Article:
June 12, 2012

More evidence in support of the Younger Dryas impact theory

Some 12,800 years ago, when the climate was warming very fast and temperatures had almost reached present day levels... they suddenly plumetted again in a matter of months and remained at Ice Age levels for more than a thousand years before warming again. That period is known as the Younger Dryas.

The Younger Dryas is the last cold gorge by the left

There used to be several explanations but since some time ago, the meteorite impact theory has been gaining weight. This evidence would seem to consolidate it.

It was already quite consolidated as a theory because, while some had questioned the earliest evidence, further data had been collected from around the world that reinforced the model by about the same time.

The new evidence comes in form of melted glass (siliceous scoria like objects, SLOs) mineral inclusions from Pennsylvania (USA), which appears to require such an impact to have been produced. This kind of product requires temperatures similar to those of a nuclear explosion. 

The glass-like grains at two different imaging resolutions

These remains have been found so far in North and South America, Europe and West Asia, suggesting several impacts from an already fragmented meteorite. It is unclear if there could be more such findings elsewhere on Earth. 

One of the places directly affected by the impact was the site of Abu Hureyra, at the Mid-Upper Euphrates (Syria), where a layer of ashes followed by an archaeological hiatus mark the boundary between an Epipaleolithic and the more important Neolithic settlement. 

The impact and the subsequent sudden cooling probably was a major influence in the extinction of some subarctic megafauna in North America and Northern Eurasia such as the mammoths. 

Source: Science Daily.

21 comments:

  1. Thanks for posting this. I'm looking forward to reading this.

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  2. "The impact and the subsequent sudden cooling probably was a major influence in the extinction of some subarctic megafauna in North America and Northern Eurasia such as the mammoths".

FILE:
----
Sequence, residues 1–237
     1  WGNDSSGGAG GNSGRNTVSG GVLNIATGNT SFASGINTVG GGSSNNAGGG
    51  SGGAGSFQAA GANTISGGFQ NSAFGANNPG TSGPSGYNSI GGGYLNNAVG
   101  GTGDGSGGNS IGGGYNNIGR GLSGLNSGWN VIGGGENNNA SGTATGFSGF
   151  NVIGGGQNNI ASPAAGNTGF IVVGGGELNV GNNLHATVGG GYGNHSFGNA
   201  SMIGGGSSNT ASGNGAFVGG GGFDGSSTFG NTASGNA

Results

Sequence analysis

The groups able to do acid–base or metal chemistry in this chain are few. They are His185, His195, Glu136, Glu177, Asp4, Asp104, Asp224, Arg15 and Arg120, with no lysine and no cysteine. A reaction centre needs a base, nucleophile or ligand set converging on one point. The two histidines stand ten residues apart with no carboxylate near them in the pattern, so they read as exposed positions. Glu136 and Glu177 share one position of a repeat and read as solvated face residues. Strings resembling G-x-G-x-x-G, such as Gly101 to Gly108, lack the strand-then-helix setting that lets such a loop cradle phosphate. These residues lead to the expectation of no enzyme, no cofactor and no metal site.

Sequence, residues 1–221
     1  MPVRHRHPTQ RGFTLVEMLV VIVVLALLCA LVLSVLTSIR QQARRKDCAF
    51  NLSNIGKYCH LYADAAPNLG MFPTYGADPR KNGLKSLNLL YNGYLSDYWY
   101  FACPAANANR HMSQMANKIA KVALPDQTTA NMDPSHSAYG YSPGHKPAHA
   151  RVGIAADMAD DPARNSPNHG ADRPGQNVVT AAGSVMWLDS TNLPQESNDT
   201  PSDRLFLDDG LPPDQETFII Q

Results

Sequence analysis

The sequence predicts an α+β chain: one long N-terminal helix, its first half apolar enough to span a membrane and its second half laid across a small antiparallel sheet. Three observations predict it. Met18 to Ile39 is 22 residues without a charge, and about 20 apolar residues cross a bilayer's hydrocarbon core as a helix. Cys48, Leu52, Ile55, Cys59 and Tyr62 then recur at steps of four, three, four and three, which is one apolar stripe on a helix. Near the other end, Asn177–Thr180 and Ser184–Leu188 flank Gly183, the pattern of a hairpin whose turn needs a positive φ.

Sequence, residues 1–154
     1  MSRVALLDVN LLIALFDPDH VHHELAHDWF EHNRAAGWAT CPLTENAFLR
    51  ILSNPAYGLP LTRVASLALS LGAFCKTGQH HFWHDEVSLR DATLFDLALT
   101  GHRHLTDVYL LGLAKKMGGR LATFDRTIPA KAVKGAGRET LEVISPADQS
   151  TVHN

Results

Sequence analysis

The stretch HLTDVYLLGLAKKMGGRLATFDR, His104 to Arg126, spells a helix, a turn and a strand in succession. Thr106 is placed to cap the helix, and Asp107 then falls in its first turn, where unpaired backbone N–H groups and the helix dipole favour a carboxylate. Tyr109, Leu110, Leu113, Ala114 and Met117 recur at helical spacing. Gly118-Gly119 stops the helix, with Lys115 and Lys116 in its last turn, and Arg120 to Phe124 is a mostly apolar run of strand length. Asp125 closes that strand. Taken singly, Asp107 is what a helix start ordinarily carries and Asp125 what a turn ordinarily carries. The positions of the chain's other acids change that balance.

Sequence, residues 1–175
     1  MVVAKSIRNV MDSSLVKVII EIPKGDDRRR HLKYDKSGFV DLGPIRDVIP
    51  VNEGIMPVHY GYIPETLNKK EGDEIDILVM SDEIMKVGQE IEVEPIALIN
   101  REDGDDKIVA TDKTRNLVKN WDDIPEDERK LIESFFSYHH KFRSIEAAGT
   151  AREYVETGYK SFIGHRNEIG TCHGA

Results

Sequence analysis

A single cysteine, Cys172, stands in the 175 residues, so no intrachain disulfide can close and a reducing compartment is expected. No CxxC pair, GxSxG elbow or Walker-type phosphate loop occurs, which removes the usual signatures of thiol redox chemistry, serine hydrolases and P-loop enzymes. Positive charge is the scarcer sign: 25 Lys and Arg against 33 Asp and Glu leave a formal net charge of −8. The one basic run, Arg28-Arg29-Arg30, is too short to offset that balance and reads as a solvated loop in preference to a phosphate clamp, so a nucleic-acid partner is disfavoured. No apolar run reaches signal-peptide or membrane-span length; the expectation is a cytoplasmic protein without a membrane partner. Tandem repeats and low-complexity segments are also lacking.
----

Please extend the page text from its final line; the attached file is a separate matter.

Probably unlikely to be the explanation. The climate during the Younger Dryas was nowhere near as cold as it had been during the actual ice ages, which the mammoth had had no trouble surviving.

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    1. Here is an article I read yesterday that says that very notion of "the explanation" (just one) is wrong, that there were many convergent causes.

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  3. Here's a nice related paper on mega fauna extinctions:

    http://cteg.berkeley.edu/~nielsen/wordpress/wp-content/uploads/2011/11/Nielsen-R.et-al.-Nature.-2011.pdf

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  4. Thanks for the link. From the paper:

    "Intriguingly, however, we find no distinguishing characteristics in the rate or pattern of decline in those species that went extinct compared with those that have survived".

    Surely it is obvious that the species that went extinct were the slow breeders. The authors even alude to that fact:

    "The success of reindeer may be explained by high fecundity ..."

    That would surely explain why the slow reproducing Mammoth and woolly rhinosceros went extict early in the piece while the more fecund horse survived for longer.

    "notion of 'the explanation' (just one) is wrong, that there were many convergent causes".

    Very true. But the presence of humans was the decisive factor. Without their presence the species would have recovered with the return of suitable conditions. I note that the article mentions Australia. To me it seems strange that all are prepared to accept human-induced extinctions in the Pacific and in Australia but most are very keen to absolve humans from any role in European or american extinctions. Why the distinction?

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  5. Slow fecundity, very large size, human predation . . . probably all contributed.

    I noticed this morning in the blogroll sidebar on this blog a link to this excellent June 12th announcement on mammoth extinction:

    http://www.heritagedaily.com/2012/06/woolly-mammoth-extinction-has-lessons-for-modern-climate-change/

    Again, no one cause, but the authors argue that Holocene warming diminished the mammoth grassland, its food source and territory.

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  6. Another good link thanks Marnie. On ehighlighted quote sums it up, I think:

    "'It’s not just the climate change that killed them off,' MacDonald said. 'It’s the habitat change and human pressure. Hunting expanded at the same time that the habitat became less amenable.'"